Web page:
3. Attention and Processing Speed: Reduced dopamine levels in the striatum can lead to attention deficits and slower information processing. PD patients may struggle with sustaining attention and quickly responding to stimuli (Cools, 2006).
Interventions To Mitigate or Slow Cognitive Performance Decline
The common cognitive impairments that those suffering from PD can experience include difficulties in memory, attention, executive functions, and processing speed. These changes can affect daily activities and social interactions (Hindle et al., 2013). However, there are various interventions and strategies that people diagnosed with Parkinson's Disease can adopt to mitigate or slow the decline in cognitive performance.
1. Medication Management: One of the primary interventions for managing cognitive decline in PD is optimising medication. Medications that enhance dopamine levels in the brain, such as Levodopa, can have a positive impact on cognitive function. It is essential for individuals with PD to work closely with their healthcare providers to find the right medication regimen and dosage (Weintraub & Burn, 2011).
2. Physical Exercise: Regular physical exercise has been shown to have numerous benefits for individuals with PD. Exercise not only helps with motor symptoms but can also support cognitive function. Aerobic exercise, resistance training, and balance exercises can improve cognitive performance and general brain health (Tanaka et al., 2009).
3. Cognitive Training: Cognitive training programs can help individuals with PD sharpen their cognitive skills. These programs often focus on memory, attention, problem-solving, and other cognitive functions. Studies have shown that cognitive training can lead to improvements in memory and executive functions (Hindle et al., 2013).
4. Speech and Language Therapy: Communication difficulties, such as speech and language problems, can be common in PD. Speech therapy can help individuals improve their communication skills and maintain social connections. Enhancing communication can positively impact cognitive function and overall well-being (Miller et al., 2017).
5. Nutritional Support: A well-balanced diet rich in antioxidants and omega-3 fatty acids may support brain health. Antioxidants, found in fruits and vegetables, can protect brain cells from damage. Omega-3 fatty acids, found in fish, can help reduce inflammation in the brain, potentially slowing cognitive decline (Barberger-Gateau et al., 2007).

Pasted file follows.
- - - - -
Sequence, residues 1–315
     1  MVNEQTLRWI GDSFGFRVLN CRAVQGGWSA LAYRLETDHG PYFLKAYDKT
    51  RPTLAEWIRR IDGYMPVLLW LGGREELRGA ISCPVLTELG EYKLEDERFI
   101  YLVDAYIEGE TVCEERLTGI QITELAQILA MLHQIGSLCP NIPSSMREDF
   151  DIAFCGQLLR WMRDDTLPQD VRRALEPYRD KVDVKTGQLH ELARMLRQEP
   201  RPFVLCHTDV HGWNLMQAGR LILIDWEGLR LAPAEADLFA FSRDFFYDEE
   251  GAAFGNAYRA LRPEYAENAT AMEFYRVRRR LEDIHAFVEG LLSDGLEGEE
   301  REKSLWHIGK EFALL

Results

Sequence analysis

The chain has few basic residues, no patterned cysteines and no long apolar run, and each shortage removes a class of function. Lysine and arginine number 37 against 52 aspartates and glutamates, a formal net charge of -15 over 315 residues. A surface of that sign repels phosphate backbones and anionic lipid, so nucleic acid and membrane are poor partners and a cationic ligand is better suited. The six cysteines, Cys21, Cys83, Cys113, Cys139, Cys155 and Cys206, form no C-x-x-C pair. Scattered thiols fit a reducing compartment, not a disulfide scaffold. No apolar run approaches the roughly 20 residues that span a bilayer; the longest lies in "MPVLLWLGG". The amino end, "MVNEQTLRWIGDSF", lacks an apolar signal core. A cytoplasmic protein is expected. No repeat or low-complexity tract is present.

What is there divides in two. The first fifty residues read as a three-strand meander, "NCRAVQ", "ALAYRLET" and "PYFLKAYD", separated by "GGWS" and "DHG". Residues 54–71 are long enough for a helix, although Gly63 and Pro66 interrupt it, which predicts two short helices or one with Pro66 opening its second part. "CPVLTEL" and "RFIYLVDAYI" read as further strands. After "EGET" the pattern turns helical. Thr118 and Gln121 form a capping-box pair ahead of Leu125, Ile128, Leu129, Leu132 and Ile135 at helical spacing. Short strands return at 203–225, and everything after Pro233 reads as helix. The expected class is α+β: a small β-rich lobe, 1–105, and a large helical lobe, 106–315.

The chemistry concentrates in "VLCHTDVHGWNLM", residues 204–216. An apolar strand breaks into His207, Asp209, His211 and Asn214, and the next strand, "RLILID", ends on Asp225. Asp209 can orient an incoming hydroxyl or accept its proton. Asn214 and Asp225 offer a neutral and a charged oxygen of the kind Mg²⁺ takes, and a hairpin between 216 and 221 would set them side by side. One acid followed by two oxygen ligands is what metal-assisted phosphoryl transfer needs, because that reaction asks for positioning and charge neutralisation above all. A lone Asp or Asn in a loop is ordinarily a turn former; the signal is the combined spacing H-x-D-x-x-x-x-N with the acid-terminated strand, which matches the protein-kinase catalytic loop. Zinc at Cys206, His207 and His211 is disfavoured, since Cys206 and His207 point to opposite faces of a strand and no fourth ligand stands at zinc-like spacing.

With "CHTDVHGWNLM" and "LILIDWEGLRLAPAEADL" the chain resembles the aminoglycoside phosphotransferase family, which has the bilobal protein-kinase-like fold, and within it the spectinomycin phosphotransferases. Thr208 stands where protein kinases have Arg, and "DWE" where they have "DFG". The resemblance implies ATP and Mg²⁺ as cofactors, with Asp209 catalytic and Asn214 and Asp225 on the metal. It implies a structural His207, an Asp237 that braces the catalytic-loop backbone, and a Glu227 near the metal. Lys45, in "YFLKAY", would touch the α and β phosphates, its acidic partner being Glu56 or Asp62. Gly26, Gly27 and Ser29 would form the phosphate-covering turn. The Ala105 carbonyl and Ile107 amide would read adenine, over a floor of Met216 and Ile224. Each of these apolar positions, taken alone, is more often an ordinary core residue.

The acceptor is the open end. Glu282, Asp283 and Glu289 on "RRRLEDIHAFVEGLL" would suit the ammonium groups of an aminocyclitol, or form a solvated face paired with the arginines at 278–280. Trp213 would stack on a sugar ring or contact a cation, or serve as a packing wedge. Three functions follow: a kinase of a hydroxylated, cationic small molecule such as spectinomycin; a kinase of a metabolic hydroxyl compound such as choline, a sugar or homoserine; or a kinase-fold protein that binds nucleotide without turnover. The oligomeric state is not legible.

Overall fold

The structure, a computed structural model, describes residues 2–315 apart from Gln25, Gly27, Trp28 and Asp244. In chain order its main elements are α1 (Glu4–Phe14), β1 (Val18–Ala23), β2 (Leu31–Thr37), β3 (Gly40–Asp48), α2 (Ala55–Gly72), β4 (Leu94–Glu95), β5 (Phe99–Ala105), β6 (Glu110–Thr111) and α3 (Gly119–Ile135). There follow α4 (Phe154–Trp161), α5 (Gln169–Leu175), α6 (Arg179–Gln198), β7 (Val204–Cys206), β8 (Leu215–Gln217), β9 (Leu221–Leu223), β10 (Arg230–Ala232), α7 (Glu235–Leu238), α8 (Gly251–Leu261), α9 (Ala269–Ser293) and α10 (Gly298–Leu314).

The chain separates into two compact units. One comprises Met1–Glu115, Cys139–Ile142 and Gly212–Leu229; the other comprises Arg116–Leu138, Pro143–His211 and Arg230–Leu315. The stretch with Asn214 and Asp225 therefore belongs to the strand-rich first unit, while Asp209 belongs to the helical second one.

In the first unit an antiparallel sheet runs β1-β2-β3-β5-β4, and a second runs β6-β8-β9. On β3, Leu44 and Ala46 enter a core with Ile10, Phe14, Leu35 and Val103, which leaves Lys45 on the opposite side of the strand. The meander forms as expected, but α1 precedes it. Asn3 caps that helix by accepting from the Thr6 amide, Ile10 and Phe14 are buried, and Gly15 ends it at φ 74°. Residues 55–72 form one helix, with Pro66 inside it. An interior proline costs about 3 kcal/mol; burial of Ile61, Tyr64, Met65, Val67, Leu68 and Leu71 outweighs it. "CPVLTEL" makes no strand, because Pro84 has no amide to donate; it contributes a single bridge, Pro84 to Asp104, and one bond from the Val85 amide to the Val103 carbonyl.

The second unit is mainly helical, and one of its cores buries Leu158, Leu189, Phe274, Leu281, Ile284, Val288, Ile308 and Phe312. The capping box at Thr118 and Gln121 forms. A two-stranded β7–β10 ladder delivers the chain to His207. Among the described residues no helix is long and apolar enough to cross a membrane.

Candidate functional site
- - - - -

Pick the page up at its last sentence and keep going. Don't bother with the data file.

6. Social Engagement: Staying socially active is important for cognitive health. Engaging in social activities, maintaining relationships, and participating in group activities can provide mental stimulation and emotional support. Social interactions can help counteract feelings of isolation and depression, which are often associated with PD (Hindle et al., 2013).
Parkinson's Disease is not only a movement disorder but also has significant impacts on the brain and cognitive function. The depletion of dopamine, the formation of Lewy bodies, and changes in brain connectivity collectively contribute to the cognitive deficits observed in PD patients. Understanding the intricate relationship between the physiological changes in the brain and cognitive performance is crucial for developing effective interventions to improve the quality of life for individuals living with Parkinson's Disease.
Cognitive decline is a significant concern for individuals with Parkinson's Disease, but there are various interventions and strategies that can help mitigate or slow the decline in cognitive performance. These include optimizing medication, engaging in regular exercise, participating in cognitive training, seeking speech and language therapy, following a healthy diet, and maintaining social connections. It is crucial for individuals with PD to work closely with healthcare professionals to develop a personalized plan that addresses their specific needs and challenges.
References and Scientific Power Evaluation